• unmanned ground vehicles of the future will increasingly perform automated surveillance,

  • reconnaissance, assault and breaching missions. Other UGVs will simply be retrofits of existing

  • humvees and tanks with sensors and cameras; Boston Dynamicshumanoid robots - used

  • for search and rescue - and their BigDog robotic pack mule to accompany soldiers into terrain

  • that’s too difficult for conventional vehicles; unmanned missile barges will provide extra

  • weapons for existing destroyers; cruise missiles that are smart and networked

  • to autonomously coordinate and swarm their attack so as to ensure maximum damage to their

  • target; a Joint Aerial Layer Network will link all

  • air assets with all other military assets in a region to provide maximum coordination

  • and efficiency; high-speed, unmanned fighters and bombers

  • will fly alongside manned aircraft until they take over the air force completely. Theyll

  • be piloted by soldiers located safely back on a ship, or on some faraway base;

  • And undetectable underwater pods will be placed in the ocean weeks, months, or even years

  • ahead of time and eventually given a command to release unmanned submarines or unmanned

  • aerial vehicles that will float to the surface and then take to the air.

  • The reason that militaries will turn to robots to fight its battles is obvious: itll keep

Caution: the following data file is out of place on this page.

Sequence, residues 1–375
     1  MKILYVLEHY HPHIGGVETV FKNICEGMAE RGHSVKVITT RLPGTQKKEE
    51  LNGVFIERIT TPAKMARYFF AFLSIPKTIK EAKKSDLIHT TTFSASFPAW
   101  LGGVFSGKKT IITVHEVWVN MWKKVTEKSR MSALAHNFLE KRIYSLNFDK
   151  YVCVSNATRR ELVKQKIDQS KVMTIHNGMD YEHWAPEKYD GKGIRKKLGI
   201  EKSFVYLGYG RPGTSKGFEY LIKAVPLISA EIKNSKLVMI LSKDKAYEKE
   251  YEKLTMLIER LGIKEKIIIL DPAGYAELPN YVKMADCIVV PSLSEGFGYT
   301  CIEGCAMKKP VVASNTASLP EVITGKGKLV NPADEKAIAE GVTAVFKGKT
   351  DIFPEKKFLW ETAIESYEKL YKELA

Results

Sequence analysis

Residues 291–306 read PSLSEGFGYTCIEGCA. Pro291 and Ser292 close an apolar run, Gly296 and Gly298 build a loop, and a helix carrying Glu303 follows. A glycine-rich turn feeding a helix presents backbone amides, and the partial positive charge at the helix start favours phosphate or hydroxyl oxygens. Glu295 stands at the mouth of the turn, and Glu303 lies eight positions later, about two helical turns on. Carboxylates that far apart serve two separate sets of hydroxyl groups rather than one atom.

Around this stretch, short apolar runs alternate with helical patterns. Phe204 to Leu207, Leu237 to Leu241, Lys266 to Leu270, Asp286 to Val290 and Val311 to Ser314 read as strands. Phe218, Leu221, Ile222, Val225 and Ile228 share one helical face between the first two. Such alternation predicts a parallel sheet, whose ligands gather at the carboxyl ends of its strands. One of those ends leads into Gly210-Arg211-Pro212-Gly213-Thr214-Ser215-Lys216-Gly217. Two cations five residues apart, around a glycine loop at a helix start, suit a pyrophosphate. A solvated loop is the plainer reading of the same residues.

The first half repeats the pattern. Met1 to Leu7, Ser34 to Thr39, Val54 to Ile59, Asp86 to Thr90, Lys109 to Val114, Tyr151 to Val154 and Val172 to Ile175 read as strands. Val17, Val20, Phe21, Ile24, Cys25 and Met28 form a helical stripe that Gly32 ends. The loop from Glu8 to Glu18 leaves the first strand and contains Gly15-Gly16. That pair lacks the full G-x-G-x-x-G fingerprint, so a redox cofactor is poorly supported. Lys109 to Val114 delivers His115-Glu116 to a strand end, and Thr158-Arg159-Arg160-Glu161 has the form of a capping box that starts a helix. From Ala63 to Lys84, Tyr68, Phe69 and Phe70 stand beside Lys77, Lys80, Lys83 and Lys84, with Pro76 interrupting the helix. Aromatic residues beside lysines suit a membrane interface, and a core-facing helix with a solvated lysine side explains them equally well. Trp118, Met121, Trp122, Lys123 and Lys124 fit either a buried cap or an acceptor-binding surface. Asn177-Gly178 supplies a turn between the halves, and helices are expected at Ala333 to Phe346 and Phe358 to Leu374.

• their soldiers from getting killed and it will greatly enhance national security and

  • defense capabilities. But, like many problems posed by our increasingly technological world,

  • removing the human connection to what war viscerally feels like on the ground, where

  • it’s being fought, will create a whole new set of challenges. Many of the American pilots

  • now flying drone missions in Iraq and Afghanistan already do so from places like Arizona, far

  • away from the battlefield, which means they can bomb a group of people, and then half

  • an hour later be sitting safely at home with their families. It’s no surprise that this

  • extreme daily contrast is causing these soldiers to experience high rates of PTSD. Then there’s

  • the idea that by further removing the human cost of war from the equation, we risk becoming

  • more tolerant of our governments engaging in armed conflicts. And then there’s the

  • unknown: what happens when two nuclear armed states engage in a direct, robots-on-robots

  • battle? How does one win that kind of conflict? And, when does losing one justify starting

  • a war between living, breathing human beings?

  • For better or worse, these are questions were going to learn the answers to in the first

  • half of the 21st century, so we better get to work creating some agreed-upon international

  • standards before its too late.

  • If you enjoyed this video, hit that like button or share it to start your own conversation.

  • Click on the screen to watch a TED Talks that explores some of these challenges, or our

  • newest video, or a video about how robots are probably going to take almost all of our

  • jobs. You can take our poll: will the rise of robots in our militaries ultimately be

  • a good or bad thing for mankind?

  • Thanks for watching. For the daily conversation, I’m Bryce Plank.

Our wars used to be fought on foot, but then we harnessed horses for battle. Swords were

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B2 中高級 英國腔

未來軍事機器人 (Future Military Robots)

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    Wing Wing 發佈於 2021 年 01 月 14 日